The atmospheric parameters of the stars are spectroscopically determined combining the results of several Nodes, with a methodology described in Smiljanic et al. (2014). Average uncertainties in the atmospheric parameters are 55 K, 0.13 dex, and 0.07 dex for , log , and [Fe/H], respectively. The uncertainties on the abundances of N and O are estimated considering the errors on the atmospheric parameters and random errors, which are mainly caused by uncertainties of the continuum placement and by the signal-to-noise (S/N). We also take into account in the error budget the interplay between abundance of C, N and O in the simultaneous determination of their abundances. Considering all these aspects, typical errors on nitrogen and oxygen abundances are 0.10 and 0.09 dex, respectively. More details about the method of analysis and the evaluation of the uncertainties are given in Tautvaišienė et al. (2015).
3 The samples
Our samples are composed by Milky Way field stars and stars in open clusters.
The former sample includes stars observed with the UVES setup centred around 580.0 nm that belong to the solar neighbourhood and the inner disc samples. We have divided the field stars into thin and thick disc stars, using their [/Fe] abundance ratio, following the approach of Adibekyan et al. (2011). Our sample includes 19 thin disc stars and 130 thick disc stars with both N and O measurements. Their stellar parameters and the abundances of N and O are listed in Table LABEL:tab_stars in Appendix A.
The number of stars in our samples depends on the observed number of dwarfs and giants and on their S/N as well. This is because the CN molecular bands are less pronounced in dwarfs and not always they can be measured. In dwarf stars, the typical depth of the largest CN molecular band is 0.02 (in relative intensity with respect to the continuum) and, even at high S/N100, there are fluctuations of about 0.01 in this feature. The other features are even smaller. Consequently, to analyse them in dwarf stars, we need spectra with S/N as high as 200, which was not always achieved. On the other hand, CN bands in giant stars are much larger for two main reasons. The former is that molecular lines are larger in stars with lower temperatures, thus we can determine accurate abundances from spectra with lower S/N. The latter is because giant stars can be enriched in N due to internal chemical mixing processes. Therefore, there are far more determinations of nitrogen for giant stars compared to the stars in earlier stages of their evolution.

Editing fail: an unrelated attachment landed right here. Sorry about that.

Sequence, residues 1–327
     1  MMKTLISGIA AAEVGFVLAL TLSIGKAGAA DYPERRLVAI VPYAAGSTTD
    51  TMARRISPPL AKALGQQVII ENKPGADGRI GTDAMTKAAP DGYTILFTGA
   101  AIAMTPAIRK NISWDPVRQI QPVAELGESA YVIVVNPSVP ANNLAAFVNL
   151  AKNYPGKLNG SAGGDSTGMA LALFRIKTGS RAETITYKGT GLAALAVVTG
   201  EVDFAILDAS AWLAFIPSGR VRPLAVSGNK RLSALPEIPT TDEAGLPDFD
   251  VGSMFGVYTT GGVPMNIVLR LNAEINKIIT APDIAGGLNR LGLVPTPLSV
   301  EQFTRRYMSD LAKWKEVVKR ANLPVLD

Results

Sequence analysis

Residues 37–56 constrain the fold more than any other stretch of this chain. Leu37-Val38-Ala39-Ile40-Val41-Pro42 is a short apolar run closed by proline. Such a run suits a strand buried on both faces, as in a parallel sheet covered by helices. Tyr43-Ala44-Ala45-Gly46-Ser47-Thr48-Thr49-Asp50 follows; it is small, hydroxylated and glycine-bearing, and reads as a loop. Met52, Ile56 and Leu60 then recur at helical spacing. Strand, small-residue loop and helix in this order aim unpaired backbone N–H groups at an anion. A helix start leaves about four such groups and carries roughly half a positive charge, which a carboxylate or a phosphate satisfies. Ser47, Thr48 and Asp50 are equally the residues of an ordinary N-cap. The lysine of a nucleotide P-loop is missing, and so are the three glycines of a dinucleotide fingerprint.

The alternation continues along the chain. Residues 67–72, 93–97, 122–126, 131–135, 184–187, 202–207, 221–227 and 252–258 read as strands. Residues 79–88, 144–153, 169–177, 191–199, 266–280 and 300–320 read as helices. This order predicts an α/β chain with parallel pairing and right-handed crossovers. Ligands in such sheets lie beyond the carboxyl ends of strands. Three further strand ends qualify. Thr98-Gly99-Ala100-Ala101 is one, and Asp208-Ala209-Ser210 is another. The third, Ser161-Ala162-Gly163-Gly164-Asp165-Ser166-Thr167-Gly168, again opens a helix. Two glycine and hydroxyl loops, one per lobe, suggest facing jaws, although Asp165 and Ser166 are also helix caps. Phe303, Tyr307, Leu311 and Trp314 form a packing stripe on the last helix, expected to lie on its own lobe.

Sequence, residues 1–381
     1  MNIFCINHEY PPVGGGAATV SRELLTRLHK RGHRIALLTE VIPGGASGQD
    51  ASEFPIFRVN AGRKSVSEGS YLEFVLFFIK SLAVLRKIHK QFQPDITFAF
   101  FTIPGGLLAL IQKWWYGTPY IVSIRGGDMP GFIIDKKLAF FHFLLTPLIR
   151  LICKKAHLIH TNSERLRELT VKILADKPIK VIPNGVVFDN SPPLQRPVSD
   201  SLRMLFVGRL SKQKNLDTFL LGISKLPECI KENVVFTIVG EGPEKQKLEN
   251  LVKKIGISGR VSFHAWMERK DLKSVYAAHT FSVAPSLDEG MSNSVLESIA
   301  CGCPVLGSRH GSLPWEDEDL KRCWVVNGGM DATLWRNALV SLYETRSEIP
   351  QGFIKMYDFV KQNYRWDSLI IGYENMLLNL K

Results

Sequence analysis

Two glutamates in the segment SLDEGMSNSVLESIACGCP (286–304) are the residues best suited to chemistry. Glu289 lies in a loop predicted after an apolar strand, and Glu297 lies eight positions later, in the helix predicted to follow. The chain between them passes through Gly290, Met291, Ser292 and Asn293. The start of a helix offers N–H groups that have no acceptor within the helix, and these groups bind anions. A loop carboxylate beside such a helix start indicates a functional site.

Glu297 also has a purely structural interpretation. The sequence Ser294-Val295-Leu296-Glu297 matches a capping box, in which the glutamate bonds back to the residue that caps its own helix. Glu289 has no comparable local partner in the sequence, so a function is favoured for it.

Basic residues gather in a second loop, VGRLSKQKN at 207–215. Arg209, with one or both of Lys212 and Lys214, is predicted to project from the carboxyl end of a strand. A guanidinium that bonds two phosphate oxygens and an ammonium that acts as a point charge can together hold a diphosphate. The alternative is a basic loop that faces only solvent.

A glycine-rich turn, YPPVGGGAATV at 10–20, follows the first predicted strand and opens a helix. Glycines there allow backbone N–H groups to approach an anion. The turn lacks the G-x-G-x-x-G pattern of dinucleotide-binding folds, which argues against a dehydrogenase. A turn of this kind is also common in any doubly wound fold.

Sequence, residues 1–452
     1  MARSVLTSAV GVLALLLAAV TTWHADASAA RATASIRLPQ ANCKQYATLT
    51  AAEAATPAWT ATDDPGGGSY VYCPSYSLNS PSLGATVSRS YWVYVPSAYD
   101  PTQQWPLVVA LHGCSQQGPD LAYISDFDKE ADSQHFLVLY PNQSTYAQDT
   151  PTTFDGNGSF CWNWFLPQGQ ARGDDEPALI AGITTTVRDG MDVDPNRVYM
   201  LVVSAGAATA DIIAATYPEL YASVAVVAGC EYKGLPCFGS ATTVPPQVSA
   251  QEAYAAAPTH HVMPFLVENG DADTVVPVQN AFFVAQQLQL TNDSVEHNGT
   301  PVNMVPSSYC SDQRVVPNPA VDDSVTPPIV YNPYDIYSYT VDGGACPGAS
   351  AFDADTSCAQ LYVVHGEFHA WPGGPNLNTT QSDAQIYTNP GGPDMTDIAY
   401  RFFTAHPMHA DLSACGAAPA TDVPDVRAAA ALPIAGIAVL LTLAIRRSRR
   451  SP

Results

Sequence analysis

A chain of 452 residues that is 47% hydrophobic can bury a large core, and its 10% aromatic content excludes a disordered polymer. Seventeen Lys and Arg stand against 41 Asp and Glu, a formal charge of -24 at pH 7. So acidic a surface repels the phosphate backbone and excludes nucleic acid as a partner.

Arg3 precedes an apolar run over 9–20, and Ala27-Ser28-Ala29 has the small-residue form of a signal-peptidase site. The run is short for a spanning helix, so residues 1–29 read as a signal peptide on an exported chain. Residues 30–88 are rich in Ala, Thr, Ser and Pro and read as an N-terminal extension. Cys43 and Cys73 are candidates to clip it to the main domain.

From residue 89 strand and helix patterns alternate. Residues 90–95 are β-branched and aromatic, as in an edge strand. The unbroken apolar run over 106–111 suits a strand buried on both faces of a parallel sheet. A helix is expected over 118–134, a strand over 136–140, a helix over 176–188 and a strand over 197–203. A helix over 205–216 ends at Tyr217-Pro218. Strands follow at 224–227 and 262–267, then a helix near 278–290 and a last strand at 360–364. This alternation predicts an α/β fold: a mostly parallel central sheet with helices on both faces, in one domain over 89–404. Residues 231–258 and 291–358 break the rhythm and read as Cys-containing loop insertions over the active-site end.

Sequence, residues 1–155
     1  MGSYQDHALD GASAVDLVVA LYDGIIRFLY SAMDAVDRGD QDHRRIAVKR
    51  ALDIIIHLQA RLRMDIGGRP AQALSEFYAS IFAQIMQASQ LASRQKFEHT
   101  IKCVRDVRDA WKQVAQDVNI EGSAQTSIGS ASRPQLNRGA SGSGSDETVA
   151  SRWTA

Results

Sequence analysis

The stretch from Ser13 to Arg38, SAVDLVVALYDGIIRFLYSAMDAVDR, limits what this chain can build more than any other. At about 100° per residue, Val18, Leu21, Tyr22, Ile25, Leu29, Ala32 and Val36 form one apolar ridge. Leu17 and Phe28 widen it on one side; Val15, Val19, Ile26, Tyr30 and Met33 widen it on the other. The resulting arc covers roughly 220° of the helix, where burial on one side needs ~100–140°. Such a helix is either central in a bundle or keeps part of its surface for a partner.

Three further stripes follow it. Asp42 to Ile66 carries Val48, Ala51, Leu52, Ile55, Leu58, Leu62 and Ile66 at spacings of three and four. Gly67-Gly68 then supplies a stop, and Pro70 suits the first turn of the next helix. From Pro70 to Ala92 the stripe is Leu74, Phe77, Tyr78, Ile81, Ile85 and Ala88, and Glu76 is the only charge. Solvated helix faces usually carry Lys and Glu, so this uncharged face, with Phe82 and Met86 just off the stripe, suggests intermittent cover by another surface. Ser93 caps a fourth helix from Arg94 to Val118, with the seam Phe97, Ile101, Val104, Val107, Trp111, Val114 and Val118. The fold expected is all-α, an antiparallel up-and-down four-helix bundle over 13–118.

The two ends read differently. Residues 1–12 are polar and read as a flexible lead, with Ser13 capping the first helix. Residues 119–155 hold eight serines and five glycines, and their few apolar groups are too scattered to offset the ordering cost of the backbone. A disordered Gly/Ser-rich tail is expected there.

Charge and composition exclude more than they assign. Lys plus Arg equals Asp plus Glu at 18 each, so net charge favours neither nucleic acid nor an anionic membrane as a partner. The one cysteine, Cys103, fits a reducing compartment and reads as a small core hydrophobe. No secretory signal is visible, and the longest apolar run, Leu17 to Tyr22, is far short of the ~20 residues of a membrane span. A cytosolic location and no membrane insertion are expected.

For the above reasons, and because the GES selection function (Stonkutė et al., 2016) favours giant stars in the thick disc and dwarf stars in the thin disc, in our samples we are biased towards thick-disc stars.
The latter sample includes open clusters with ages0.1 Gyr whose parameters and abundances have been delivered in the four Gaia-ESO releases idr2, idr3, idr4, idr5. Membership analysis has been performed as in Magrini et al. (2018), using the [Fe/H] abundance and radial velocity distributions to define cluster members. Most of the member stars in open clusters are giant stars, belonging to the Red Clump (RC) phase. In Table 1, we present the main cluster parameters (age, turn-off stellar mass, distance, metallicity [Fe/H]), the median abundances of oxygen and nitrogen with their standard deviations, the number of stars and the reference data release.